For one, there are some questions as to whether the three to six months period that securities companies are prepared to hold assets on their balance sheets is sufficient for slow-moving asset owners.

An executive familiar with risk management at a Korean life insurer told AsianInvestor that its alternatives investment team has been pushing through investments into these sourced deals despite requests from the risk management team for more time to conduct more thorough due diligence.

“Investment teams, all the way up to the CIO, are under pressure to invest the regularly inflow of capital, and preferably not in fund vehicles where some of the capital will be shelved as dry powder without creating a return immediately,” said the executive. “That creates an incentive to rush investment decisions to get to execute the next direct investment in the pipeline.” 

There’s also a problem with enthusiasm versus experience. According to asset manager and advisory sources, some smaller and new asset managers have become very eager to get involved in these deals, even accepting a relatively smaller share in the sourcing fee. 

That makes them appealing partners for the securities companies. On condition of anonymity, a senior investment manager at a Korean securities company working on sourcing alternatives assets told AsianInvestor that his company prefers working with less experienced asset managers, which it typically brings in as a capital partner from day one. “In some cases we go with the asset managers with strong reputation and a track record of performance. But it is generally done on a first come, first serve basis,” he said. 

But this makes for a potentially risk combination: securities companies seeking to quickly flip assets team up with asset managers that are eager to grab the business and lack the experience to conduct thorough enough due diligence. 

The securities investment manager agreed that securities companies lack sufficient interest in the long-term viability of the assets they source. He claimed that his employer is actively working to add inhouse personnel to conduct initial due diligence on the assets, as it sees this as a competitive advantage versus less proactive securities companies.

“Some of my competitors are only focused on the acquisitions, because that is the way they the get their fees,” he said. “On the other hand, the end-investors are aware of this situation – and not happy about it. So, they are focusing [more] on the sellers of the product and whether they don’t care about what is coming later on.”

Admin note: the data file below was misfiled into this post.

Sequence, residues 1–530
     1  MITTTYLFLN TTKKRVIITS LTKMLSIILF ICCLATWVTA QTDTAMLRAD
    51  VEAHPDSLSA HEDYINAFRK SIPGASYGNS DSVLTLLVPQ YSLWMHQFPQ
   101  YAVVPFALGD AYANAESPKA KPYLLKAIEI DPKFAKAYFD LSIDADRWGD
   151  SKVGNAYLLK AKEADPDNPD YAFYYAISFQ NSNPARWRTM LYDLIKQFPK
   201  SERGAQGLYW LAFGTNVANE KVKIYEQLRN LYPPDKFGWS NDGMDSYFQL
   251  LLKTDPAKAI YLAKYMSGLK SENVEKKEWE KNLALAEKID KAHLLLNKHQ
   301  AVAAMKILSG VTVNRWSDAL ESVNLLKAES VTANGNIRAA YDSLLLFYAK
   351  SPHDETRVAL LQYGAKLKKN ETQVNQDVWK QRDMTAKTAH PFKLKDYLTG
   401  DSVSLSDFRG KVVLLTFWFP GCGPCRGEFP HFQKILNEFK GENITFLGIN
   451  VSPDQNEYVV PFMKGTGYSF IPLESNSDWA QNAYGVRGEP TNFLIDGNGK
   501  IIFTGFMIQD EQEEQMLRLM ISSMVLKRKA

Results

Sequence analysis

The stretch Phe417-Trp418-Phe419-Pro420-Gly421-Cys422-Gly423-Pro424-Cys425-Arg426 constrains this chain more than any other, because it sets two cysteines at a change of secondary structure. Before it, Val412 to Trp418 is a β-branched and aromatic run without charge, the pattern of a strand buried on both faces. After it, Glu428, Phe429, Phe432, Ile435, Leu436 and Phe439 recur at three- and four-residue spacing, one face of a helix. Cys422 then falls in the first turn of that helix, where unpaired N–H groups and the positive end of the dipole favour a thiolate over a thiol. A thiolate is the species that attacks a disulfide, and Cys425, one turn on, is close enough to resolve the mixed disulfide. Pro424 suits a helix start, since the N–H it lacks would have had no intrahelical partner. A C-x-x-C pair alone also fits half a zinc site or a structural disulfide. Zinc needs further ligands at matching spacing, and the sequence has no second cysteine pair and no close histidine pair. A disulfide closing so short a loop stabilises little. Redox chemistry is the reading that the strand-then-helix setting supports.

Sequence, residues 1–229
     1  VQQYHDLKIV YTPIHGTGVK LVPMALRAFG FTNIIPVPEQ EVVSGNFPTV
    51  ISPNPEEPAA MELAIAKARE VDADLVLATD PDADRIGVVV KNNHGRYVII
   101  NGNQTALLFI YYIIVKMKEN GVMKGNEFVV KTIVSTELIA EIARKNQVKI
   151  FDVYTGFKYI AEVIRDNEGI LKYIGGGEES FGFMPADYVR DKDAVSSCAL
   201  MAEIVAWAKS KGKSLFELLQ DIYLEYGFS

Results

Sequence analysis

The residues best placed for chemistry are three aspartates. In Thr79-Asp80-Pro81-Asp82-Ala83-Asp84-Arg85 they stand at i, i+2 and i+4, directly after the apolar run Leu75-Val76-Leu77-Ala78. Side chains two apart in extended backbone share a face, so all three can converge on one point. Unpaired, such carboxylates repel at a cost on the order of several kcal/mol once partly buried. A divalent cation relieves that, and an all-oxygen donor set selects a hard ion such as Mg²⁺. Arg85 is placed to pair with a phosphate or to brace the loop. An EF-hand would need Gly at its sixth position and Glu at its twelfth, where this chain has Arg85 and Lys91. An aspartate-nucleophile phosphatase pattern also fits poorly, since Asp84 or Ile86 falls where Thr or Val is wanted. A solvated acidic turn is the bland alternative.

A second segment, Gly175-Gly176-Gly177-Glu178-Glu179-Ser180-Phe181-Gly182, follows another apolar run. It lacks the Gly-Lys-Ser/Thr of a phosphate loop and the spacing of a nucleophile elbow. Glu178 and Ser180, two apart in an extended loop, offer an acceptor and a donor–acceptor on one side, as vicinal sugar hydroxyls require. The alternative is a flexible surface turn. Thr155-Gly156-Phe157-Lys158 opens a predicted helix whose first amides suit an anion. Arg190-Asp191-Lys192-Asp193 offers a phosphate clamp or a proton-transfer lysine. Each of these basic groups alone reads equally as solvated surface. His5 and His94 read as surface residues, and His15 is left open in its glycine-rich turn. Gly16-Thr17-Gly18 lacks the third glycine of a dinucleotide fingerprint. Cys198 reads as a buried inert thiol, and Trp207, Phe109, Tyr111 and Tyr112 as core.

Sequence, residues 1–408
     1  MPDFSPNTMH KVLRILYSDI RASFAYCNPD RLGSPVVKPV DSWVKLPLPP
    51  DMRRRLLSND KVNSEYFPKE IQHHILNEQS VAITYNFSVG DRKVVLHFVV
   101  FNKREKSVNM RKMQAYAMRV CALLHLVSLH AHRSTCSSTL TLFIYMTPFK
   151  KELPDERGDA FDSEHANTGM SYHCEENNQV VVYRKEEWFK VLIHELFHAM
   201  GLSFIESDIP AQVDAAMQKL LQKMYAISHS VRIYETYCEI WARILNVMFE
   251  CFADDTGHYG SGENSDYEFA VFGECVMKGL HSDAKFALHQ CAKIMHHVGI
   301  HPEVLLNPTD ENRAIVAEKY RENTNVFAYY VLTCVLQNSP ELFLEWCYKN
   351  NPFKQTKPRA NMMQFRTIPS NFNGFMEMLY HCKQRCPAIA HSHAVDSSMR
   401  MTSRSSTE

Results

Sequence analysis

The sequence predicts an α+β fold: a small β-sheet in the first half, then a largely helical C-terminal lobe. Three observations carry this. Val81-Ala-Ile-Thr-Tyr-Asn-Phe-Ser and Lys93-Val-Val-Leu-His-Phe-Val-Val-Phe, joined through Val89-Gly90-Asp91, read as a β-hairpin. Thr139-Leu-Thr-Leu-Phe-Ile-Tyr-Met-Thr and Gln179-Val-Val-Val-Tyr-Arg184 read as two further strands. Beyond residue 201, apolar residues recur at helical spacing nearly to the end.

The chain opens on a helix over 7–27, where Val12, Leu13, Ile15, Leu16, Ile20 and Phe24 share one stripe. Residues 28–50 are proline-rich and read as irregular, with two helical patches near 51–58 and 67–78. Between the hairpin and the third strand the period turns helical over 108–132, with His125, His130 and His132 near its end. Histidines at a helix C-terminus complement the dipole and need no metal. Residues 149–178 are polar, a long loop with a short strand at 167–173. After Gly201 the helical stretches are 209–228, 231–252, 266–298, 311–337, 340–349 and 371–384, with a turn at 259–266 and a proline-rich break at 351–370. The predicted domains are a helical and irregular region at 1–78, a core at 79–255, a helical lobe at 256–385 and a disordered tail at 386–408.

COMPETITION CONCERNS

At the same time, increasing competition between the securities companies has led to cases where they directly compete for assets, especially in Europe. 

Several sources independently pointed to one extreme example where four Korean bidders fought for a particular, unnamed real estate asset in Paris, driving up the price and making investments less attractive for the end-investors. 

The increasing competition is forcing Korean investors to learn fast. But as the institutional investors raise their expectations, the securities companies will come under pressure to become more selective in their deal sourcing or more capable in their underwriting. In essence, they need to spend more money and time on due diligence of these assets. 

The securities companies also face a more conservative risk approach among Korean asset owners. While their overall appetite for offshore assets will keep rising, it’s likely the investors will seek smaller investment allocations in individual deals in order to limit risk. That means more investors will need to be involved in each deal, making it harder for the securities companies and their asset manager partners to execute deals.

As the Korean investment model develops, securities companies will probably have to adapt to a more comprehensive service to accommodate investors’ increasingly assertive demands. The easiest days of making money may be drawing to an end. 

This article was adapted from an earlier feature that originally appeared in the AsianInvestor Summer 2019 edition.